Food aid needs are rising in Brookings

David Michaud

David Michaud

Brookings is among the cities feeling the effects of the recession with more visitors to donation-based food suppliers, such as the Food Pantry and Harvest Table.

This year, 167 more families have visited the Food Pantry than at the same time last year, said Don Kasak, manager of the Food Pantry. In 2008, there were a total of 797 families that received food from the Food Pantry. As of September, 787 families have received aid.

“We have layoffs, husbands giving up their rights to their kids so they don’t have to pay for them, some have gone through nasty divorces,” said Kasak. “Crazy layoffs.”

Attendance at the Harvest Table has also risen. “We have more people than last year,” said Teri Johnson, senior pastor at Brookings First United Methodist Church, where the Harvest Table is held. “There are new families every week.”

There are many people who do not believe that Brookings could have such a large number of people who are in need of meals, said Johnson.

Many families and individuals who seek assistance from the Food Pantry are not homeless. They just need help to make ends meet.

“There are many misconceptions about the people who attend Harvest Table,” said Johnson. “Some of the misconceptions are that the people who eat here are lazy and are not looking for jobs. The people who eat here want to work.”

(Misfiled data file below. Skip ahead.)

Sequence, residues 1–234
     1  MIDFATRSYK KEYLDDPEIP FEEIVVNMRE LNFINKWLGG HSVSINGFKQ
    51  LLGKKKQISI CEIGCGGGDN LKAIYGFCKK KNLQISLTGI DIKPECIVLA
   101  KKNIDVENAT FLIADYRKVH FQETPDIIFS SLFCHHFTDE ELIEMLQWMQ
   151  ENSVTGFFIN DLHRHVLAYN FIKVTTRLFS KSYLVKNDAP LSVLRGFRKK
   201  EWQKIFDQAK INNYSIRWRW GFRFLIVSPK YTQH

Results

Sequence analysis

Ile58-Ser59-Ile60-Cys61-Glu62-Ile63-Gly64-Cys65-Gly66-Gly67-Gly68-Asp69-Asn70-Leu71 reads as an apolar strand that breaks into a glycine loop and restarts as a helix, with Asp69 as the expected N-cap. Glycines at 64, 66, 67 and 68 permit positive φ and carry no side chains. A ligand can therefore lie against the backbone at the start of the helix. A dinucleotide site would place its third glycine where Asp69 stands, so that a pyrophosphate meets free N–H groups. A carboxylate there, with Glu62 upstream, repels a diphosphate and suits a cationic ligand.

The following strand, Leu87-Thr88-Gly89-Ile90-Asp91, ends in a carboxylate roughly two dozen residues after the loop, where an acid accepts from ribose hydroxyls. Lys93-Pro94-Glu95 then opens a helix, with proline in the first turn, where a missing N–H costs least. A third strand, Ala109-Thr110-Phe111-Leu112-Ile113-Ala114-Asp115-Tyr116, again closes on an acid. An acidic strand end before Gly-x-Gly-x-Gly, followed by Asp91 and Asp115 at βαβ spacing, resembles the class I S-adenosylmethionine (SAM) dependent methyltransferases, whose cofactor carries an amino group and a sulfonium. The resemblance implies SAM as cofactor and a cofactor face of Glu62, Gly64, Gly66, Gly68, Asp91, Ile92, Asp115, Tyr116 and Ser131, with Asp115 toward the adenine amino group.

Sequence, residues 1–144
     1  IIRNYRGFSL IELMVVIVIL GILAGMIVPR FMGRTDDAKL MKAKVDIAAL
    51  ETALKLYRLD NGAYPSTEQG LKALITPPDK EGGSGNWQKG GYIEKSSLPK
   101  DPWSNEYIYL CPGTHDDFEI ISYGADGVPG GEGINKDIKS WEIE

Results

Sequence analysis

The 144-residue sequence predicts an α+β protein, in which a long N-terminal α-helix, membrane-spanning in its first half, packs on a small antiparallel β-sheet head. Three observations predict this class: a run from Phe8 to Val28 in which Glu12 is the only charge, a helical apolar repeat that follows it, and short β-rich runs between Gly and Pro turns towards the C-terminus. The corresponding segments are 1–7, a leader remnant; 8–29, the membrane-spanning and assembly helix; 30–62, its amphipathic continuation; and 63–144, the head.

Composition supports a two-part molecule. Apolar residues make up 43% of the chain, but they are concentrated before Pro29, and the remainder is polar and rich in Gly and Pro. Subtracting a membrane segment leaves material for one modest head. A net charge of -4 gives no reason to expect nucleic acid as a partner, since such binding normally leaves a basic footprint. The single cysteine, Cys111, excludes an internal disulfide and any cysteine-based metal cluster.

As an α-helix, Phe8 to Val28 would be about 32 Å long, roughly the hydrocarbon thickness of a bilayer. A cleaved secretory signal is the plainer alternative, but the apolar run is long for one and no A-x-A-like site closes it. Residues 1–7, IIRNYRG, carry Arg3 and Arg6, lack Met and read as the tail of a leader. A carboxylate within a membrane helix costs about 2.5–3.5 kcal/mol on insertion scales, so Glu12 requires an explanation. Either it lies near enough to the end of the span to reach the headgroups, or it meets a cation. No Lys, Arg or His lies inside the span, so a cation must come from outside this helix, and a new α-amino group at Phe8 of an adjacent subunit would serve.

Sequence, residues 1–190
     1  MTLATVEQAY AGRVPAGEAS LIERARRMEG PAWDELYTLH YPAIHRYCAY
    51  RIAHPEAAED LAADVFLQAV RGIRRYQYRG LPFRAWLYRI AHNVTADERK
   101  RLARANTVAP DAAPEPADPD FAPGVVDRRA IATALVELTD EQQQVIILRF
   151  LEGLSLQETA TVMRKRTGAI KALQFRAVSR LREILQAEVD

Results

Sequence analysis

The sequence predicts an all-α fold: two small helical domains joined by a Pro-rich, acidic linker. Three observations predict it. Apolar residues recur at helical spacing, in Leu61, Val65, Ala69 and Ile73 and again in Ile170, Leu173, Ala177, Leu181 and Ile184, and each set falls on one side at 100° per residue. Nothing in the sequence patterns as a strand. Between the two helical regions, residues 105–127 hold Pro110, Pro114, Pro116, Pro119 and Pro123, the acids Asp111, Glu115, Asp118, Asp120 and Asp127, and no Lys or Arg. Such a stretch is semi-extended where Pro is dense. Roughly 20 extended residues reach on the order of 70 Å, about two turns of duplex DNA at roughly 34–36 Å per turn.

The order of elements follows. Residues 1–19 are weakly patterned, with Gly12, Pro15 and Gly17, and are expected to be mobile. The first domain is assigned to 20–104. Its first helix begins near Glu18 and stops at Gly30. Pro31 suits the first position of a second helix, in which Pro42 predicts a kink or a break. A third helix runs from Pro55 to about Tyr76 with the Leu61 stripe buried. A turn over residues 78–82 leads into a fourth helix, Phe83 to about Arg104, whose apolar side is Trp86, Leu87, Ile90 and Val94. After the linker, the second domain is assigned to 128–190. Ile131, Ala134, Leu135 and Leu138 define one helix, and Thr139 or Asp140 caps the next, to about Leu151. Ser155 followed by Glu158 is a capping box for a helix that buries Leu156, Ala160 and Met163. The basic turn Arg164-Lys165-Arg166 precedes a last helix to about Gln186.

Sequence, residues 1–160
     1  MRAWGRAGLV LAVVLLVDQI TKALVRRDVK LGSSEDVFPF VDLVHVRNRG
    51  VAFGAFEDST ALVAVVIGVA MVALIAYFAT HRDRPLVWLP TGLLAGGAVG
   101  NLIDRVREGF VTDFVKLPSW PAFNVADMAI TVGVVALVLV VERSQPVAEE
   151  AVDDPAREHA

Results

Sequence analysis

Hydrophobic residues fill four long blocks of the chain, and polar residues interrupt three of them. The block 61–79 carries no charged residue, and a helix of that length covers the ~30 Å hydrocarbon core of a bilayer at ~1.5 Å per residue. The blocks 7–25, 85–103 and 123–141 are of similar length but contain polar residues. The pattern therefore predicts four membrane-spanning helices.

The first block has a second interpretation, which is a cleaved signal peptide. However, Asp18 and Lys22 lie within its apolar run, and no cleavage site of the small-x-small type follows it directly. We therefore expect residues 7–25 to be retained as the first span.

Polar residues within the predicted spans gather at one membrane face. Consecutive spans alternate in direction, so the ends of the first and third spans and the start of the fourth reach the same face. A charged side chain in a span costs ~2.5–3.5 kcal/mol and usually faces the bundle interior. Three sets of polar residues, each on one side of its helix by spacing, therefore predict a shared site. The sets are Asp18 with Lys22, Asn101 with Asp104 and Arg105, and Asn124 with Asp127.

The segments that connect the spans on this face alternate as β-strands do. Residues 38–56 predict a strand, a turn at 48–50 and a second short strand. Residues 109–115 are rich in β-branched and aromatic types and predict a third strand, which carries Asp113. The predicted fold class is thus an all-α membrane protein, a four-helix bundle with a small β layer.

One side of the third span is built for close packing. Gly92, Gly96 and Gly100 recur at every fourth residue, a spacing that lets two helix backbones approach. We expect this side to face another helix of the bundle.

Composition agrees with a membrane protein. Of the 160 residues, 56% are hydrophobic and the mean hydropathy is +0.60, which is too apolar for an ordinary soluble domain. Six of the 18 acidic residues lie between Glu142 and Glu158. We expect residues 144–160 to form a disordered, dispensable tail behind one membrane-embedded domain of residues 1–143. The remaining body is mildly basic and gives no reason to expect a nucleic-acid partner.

Some people who receive help from these food suppliers work two to three jobs. Employers are cutting many jobs, but even those who keep their jobs are not in the clear. Kasak said that those employed still lose many hours because companies do not want to keep them full-time and have to pay benefits.

“It doesn’t seem like there are many people who go hungry in Brookings. I always thought that it was kind of an upper-class town,” said Daniel Poor Bear, a junior physical education major. “I never noticed anyone who seemed homeless or starving.”

While some students do not notice how hunger affects Brookings, some groups at SDSU are doing their part to help fight hunger.

The event “Hobos vs. Hunger” which took place during Hobo Days produced “848 pieces of food” for the Food Pantry, said Kasak. There is also the Empty Bowls event occurring on Nov. 10 at 6 p.m. with “all the proceeds going to the Harvest Table,” said Catherine Malinich, service-learning consultant working with Empty Bowls.

Donations from area businesses help both the Food Pantry and Harvest Table. The Food Pantry receives help from area hunters who give processed meat. Hy-Vee contributes with bread to the Food Pantry.

The Harvest Table serves meals once a week at the Brookings First Methodist Church. The meals are served by volunteer groups of about 20-25 people who provide all the food as well.

The church welcomes all and there is no need to be a member of the congregation.

The Harvest Table also takes grocery and personal hygiene items that they disperse throughout to the needy. Individuals can donate as well by dropping off food at the Food Pantry building.

“I take anything,” said Kasak, “just come right in and give food.” The Food Pantry is located at 217 4th Street in Brookings; their phone number is (605) 692-5007.